BIRTH OF THE DRAGON Review: Two Kung Fu Masters And A Karate Kid

The faux Bruce Lee biopic is one of the strangest action movies to come out in some time.

Let’s just get something out of the way up front: Birth of the Dragon is not a good movie. Hell, it’s not even a good action movie. But that doesn’t render it uninteresting, especially given the outcry over its initial screening at last year’s Toronto International Film Festival, where multiple reviewers slaughtered George Nolfi’s supposed Bruce Lee biopic for making a fictional white man the lead instead of the Dragon himself. As Screen Anarchy’s Todd Brown put it (while Birth of the Dragon was still in production back in 2015):

"The story here will be told from the point of view of fictional character Steve McKee, to played by Billy Magnussen, a student of Lee's whose loyalty is torn between Lee and Shaolin master Wong Jack Man as he enters the world of Kung Fu.

Now this writer isn’t entirely sure what’s changed since a supposedly unfinished cut was screened at TIFF (and according to the publicists has since been re-edited), but the general gist of what Mr. Brown describes up above is still pretty much the movie we got in theaters. Steve McKee (Magnussen) is a white dude infatuated with Kung Fu as a means to try and get tougher, training to “kick ass” under Master Lee (Philip Ng). Grandmaster Wong Jack Man (Yu Xia) travels to America, causing Lee to become paranoid that the Old World legend is here to challenge him due to Bruce training whites in San Francisco’s Chinatown. Steve becomes a gofer, running back and forth between the martial arts stars as a kind of whipped messenger boy. Meanwhile, he meets a cute Chinese girl (Qu Xingxing) who’s working as an indentured servant at a restaurant owned by local crime boss, Auntie Blossom (Jin Xing, more or less reprising her role from the Tony Jaa vehicle, The Protector [‘05]). In this traversing back and forth like a child relaying messages to divorced parents, Steve McQueen (sorry, “McKee”), learns the true value of martial arts as a spiritual means to center one’s self from Wong Jack Man, instead of the blunt tool of self-defense Lee presents it to be.

To be frank, if any of this offends you while reading this review, you’re probably going to be doubly upset while actually watching Birth of the Dragon. It’s a total miscalculation on the part of both director George Nolfi (The Adjustment Bureau), and even more frustrating coming from screenwriters Steven J. Rivele and Christopher Wilkinson. Those two scribes were responsible for helping outline Michael Mann’s beautifully political portrait, Ali (’01), so the fact that they’d warp the legendary held-in-private battle between Lee and Jack Man into a sort of Karate Kid (’84) meets China Girl (’87) hybrid is beyond baffling. These guys should know better, and have done better before.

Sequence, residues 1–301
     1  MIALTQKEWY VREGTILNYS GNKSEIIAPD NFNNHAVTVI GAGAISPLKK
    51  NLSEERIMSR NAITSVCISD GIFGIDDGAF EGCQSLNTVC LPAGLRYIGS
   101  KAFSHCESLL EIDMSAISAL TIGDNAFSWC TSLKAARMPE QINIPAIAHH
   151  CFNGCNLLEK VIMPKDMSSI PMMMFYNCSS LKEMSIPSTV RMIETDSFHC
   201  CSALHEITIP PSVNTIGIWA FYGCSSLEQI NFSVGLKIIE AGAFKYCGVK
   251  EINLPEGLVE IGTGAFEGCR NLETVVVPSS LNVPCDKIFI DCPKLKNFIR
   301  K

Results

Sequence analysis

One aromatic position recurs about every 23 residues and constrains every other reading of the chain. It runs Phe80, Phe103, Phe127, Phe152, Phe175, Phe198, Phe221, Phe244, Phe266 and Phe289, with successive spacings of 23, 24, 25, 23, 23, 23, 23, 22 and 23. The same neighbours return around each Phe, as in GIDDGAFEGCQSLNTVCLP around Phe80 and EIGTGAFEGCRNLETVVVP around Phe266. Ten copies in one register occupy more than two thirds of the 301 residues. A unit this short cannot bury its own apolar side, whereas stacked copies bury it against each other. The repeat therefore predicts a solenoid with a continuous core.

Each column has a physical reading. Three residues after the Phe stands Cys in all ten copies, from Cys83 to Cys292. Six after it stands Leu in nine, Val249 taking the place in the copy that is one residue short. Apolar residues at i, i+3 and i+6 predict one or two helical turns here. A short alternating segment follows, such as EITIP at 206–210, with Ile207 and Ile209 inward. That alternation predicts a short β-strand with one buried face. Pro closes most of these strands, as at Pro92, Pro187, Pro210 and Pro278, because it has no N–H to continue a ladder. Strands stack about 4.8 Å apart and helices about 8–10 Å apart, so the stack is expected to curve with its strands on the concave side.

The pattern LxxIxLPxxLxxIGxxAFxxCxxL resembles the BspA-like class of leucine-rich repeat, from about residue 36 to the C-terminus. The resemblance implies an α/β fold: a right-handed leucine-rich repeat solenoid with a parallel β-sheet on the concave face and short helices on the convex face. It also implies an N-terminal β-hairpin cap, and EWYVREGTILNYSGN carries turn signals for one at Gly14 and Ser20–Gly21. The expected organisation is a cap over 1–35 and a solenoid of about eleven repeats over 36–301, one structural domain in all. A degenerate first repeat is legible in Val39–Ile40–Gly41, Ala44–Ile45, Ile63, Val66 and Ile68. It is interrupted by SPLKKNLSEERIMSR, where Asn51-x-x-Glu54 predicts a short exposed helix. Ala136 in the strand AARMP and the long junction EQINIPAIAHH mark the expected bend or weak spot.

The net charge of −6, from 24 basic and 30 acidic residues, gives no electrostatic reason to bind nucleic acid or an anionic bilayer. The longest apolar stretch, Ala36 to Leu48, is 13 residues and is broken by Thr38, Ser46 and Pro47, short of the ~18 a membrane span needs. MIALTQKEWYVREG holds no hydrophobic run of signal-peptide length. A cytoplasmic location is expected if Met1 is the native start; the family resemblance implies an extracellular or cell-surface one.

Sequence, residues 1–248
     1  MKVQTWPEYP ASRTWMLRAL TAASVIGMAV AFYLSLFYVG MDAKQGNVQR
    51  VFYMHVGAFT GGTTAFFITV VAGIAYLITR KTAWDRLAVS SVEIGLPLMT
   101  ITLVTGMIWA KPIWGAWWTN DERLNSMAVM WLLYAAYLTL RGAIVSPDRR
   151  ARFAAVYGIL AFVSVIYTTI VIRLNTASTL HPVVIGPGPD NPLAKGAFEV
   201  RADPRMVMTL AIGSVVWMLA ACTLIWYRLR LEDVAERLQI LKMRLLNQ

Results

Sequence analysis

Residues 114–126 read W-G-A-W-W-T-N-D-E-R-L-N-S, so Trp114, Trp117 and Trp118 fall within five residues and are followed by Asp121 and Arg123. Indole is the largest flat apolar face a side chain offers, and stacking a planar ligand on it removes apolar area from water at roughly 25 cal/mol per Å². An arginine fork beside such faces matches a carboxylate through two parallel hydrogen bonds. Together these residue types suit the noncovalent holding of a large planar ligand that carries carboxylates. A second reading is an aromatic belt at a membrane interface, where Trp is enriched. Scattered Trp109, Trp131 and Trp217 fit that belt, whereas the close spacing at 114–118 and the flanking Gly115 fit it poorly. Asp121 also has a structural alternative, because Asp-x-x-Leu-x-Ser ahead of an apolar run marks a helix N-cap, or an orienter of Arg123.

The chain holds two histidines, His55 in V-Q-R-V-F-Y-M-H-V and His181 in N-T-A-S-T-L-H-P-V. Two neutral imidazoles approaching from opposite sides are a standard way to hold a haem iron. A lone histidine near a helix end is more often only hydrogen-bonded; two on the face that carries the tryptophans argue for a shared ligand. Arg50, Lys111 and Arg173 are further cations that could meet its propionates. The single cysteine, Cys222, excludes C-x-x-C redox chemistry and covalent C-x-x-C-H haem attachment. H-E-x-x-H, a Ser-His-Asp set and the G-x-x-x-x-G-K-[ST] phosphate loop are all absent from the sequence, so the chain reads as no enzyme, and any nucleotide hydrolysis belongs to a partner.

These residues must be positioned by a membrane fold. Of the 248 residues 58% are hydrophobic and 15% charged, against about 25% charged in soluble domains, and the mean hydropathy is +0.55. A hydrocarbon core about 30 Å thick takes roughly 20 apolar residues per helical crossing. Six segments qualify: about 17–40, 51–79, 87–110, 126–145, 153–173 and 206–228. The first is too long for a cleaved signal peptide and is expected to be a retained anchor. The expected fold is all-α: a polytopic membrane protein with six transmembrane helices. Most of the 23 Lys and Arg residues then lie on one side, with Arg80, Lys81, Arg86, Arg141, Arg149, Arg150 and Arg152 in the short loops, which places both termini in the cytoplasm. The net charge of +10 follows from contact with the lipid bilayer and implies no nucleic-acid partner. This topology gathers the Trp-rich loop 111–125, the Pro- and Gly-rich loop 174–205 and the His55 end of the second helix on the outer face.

All that being said, Birth of the Dragon is strangely watchable and, dare I say it, pretty entertaining, if you’re able to get past the really dumb storytelling decisions and just accept it as a low rent riff on rather predictable formulas. Most of this is due to the rather basic, if still thrilling, fight choreography by Corey Yuen (The Transporter [‘02]). Nolfi is smart enough to get out of Yuen’s way whenever the fists and kicks start flying fast and furious, going either really wide with the camera or mounting it on a crane and hovering around the performers as they face off against one another. The cuts are minimal, so the impacts are felt, even in this bloodless PG-13 endeavor. Birth of the Dragon is never going to be held up as a lost martial arts classic, but the requisite action is properly staged and shot.

Problem is, the fisticuffs are few and far between, as most of the movie is comprised of Bruce Lee and Wong Jack Man handing down parables regarding what Kung Fu means to each of them. Lee is presented as an asshole, all street flash and worried about when his next screen test is going to be held, instead of helping his students out when they’re in actual need (we’re about two years away from The Green Hornet [‘66], mind you). On the other side of this mystical Asian fence, Wong Jack Man is a stereotype – the wise sage from a far off land, puzzled by these Western ways as he does dishes in a local kitchen to spiritually cleanse himself for a mistake he made against a Tai Chi master during his last public demonstration (no, really). It’s all as dumb and After School Special-ish as it sounds, especially once Steve decides to use the showdown Lee keeps begging for with Jack Man as leverage against the local lords to free his lady love. Then we’re in a Rocky-lite countdown, eagerly wanting to know just who the hell would win between these two fighters.

That throw down actually isn’t as epic as the team up that inevitably occurs to help Steve set Auntie Blossom’s entire slave harem free, but Philip Ng and Yu Xia are having so much fun in their respective roles that its difficult not to get caught up in Birth of the Dragon’s admittedly breezy final thirty minutes. Ng imitates Lee’s trademark scream with fiery gusto, and Xia owns a quiet stoicism, even when the shit totally hits the fan. So while Nolfi’s film definitely acts as a more modern, polished version of the Brucesploitation that pervaded low budget martial arts movies in the wake of the Dragon’s untimely demise in 1973 (think: The Dragon Lives Again [‘77]) instead of the off-kilter biopic it was intended to be, there’s still a cheap thrill in watching these two performers play dress up and start laying many anonymous thugs flat on their backs while their white apprentice watches helplessly from afar.